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Stock Market Outlook for August 29, 2016

 

Yield on 10-year treasury note breaking above an ascending triangle pattern.

 

Real Time Economic Calendar provided by Investing.com.

 

**NEW** As part of the ongoing process to offer new and up-to-date information regarding seasonal and technical investing, we are adding a section to the daily reports that details the stocks that are entering their period of seasonal strength, based on average historical start dates.   Stocks highlighted are for information purposes only and should not be considered as advice to purchase or to sell mentioned securities.   As always, the use of technical and fundamental analysis is encouraged in order to fine tune entry and exit points to average seasonal trends.

Stocks Entering Period of Seasonal Strength Today:

Air Canada (TSE:AC) Seasonal Chart

Richelieu Hardware Ltd. (TSE:RCH) Seasonal Chart

 

 

The Markets

Stocks gyrated around the flatline on Friday as investors listened to comments from a couple of Fed officials.  When all of the dust settled, investors were pegging a greater probability of a rate hike before the end of the year with the odds of a September hike rising from 21% to 36% and the odds of a December hike rising to 64% from 52% just one day earlier.  The result saw interest sensitive areas of the market sell off, including bonds and utilities, the weakest sector on the day.  The recent laggard, health care, got a reprieve, with the sector benchmark bouncing slightly from the level of support highlighted in Friday’s report.  The SPDR Utilities Sector ETF (XLU) continues to battle with support, and previous resistance, at $49 as the 20-day moving average keeps a lid on any upside momentum.  The ETF remains around oversold levels, struggling within a period that is typically strong for stocks in this market segment.

HEALTHCARE Relative to the S&P 500

UTILITIES Relative to the S&P 500

As bond prices moved lower, yields moved higher.  In the case of the 10-year treasury, the yield broke above an ascending triangle pattern, which projects upside potential to around the 200-day moving average at 1.84%.  The risk to the price of the fixed income asset is a decline of 1.2% below present levels.  Seasonally, yields typically fall at this time of year as investors seek haven from the volatility in equity markets, but with volatility remaining low and the probability for Fed action moving higher, the trade, thus far, is bucking the historical norms for July and August.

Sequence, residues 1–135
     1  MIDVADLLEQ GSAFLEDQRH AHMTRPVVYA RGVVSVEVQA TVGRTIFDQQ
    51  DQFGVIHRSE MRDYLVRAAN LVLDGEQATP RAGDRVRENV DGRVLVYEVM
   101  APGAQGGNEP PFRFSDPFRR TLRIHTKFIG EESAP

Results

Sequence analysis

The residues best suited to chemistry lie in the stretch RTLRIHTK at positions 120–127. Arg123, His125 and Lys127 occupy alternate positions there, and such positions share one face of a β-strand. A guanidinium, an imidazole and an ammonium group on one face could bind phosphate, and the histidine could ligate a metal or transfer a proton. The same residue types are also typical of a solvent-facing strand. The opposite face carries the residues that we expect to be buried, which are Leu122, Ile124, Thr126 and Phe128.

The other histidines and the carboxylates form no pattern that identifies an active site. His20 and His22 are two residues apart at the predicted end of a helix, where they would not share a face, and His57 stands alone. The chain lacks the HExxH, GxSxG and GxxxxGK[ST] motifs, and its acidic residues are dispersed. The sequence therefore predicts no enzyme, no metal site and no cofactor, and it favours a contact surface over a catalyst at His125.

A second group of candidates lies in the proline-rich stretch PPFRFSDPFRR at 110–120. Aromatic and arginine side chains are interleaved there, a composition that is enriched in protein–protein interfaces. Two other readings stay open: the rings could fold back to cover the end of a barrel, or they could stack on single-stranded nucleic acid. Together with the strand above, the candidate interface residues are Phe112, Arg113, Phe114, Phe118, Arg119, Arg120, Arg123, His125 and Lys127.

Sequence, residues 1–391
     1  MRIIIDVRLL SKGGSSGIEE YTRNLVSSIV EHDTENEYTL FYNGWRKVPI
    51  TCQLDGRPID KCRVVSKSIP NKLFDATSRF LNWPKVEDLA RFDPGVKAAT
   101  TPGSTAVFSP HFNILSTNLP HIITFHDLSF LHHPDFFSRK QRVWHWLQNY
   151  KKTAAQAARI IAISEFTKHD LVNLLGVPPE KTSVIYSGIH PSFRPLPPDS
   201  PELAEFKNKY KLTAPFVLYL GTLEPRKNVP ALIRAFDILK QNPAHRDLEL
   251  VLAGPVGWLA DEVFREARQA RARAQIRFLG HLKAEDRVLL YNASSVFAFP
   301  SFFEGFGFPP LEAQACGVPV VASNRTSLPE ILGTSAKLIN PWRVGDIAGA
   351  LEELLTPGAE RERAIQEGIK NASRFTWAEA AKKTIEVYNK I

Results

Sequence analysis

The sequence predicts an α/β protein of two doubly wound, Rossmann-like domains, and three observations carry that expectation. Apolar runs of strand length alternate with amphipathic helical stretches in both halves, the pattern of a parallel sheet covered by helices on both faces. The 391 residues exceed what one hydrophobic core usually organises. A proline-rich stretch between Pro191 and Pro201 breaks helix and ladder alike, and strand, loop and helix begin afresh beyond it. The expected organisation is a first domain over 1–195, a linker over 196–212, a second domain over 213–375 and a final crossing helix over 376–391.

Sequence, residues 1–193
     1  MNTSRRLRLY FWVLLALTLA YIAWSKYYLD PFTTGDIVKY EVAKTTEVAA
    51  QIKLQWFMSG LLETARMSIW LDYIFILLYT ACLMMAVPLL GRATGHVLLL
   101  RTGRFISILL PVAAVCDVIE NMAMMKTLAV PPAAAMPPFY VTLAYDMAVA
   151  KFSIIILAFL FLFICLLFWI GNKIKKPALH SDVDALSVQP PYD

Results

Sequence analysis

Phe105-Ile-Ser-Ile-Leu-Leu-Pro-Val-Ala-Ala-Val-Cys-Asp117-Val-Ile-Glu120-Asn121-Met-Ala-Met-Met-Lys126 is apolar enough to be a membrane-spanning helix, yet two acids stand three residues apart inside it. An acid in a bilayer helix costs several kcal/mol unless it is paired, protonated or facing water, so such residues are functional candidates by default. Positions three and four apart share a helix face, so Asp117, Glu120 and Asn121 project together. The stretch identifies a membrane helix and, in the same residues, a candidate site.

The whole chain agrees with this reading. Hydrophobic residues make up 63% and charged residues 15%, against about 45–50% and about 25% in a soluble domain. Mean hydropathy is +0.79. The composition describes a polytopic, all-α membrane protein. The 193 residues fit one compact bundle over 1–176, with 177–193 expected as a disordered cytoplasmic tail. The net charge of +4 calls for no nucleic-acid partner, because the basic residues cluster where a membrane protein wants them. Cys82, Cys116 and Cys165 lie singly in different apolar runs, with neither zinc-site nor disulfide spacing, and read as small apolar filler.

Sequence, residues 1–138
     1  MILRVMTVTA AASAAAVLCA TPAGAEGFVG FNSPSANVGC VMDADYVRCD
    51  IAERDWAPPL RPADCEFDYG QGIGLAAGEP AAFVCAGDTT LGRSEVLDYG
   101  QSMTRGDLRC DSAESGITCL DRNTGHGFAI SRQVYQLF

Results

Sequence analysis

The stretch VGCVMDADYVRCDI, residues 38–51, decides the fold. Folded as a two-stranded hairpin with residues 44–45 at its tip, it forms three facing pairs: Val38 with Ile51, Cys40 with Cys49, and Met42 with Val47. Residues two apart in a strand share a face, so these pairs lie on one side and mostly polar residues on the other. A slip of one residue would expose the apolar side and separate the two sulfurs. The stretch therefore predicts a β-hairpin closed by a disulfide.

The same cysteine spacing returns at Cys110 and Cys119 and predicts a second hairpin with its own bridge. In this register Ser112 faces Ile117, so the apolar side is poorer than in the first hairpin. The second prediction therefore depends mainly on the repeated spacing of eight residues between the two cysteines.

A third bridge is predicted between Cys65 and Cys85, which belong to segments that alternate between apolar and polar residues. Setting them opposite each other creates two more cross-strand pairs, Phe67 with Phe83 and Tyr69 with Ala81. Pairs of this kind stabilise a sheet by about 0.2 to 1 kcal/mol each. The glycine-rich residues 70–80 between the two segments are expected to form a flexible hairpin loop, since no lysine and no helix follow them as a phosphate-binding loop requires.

As for the broad equity market, last week major benchmarks saw their worst decline since the week of Bexit.  The S&P 500 Index was lower by just over two-thirds of one percent as the first signs of price rolling over from the July rally emerge.  The Nasdaq Composite was down less, despite the struggles surrounding the biotech industry.  Support for the large-cap index is implied in the range of 2100 to 2120, a range that had constrained price momentum for more than a year.  Negative momentum divergences on the daily chart had been suggesting buying exhaustion throughout the month of August.  The week ahead presents further catalysts with the end of the month and employment reports likely to influence market activity.

On the economic front, the advanced report on international trade was released before Friday’s opening bell.  The headline print indicated that exports rose last month by 2.4%, while imports declined, falling by 1.3%.  The result saw a contraction in the trade deficit to $59.3 billion versus $64.5 billion previous.  The consensus called for a deficit of $63.2 billion.  Stripping out seasonal adjustments, exports actually declined by 7.8%, while imports declined by 3.9%; the average change for each is -7.5% and +0.7%, respectively.  Looking at the year-to-date trends, while both imports and exports are below their seasonal averages, imports are showing a notable divergence following July’s print, the result of declines in food, auto, and capital goods imports.  Auto and capital goods are also down month-over-month on the export side, the result of the factory shutdown period, but food exports are up, the result of farmers increasingly sending their goods overseas.  The USDA projects that agricultural trade exports will rise by 40% over the next year, a trend that just now appears to be emerging.  As for the rest of the components on the export side, July can often be a difficult month to read as a result of the factory slowdown that takes place in the period,  Variances from year-to-year can occur in the timing and the magnitude of the slowdown, making the better read of economic activity in August and September when production ramps up for the fourth quarter consumer spending season.  We’ll be on the lookout for any significant divergences versus the seasonal trend when August’s data is released in the month ahead.

Sentiment on Friday, as gauged by the put-call ratio, ended bearish at 1.04.

 

 

 

Seasonal charts of companies reporting earnings today:

 

 

S&P 500 Index

 

 

TSE Composite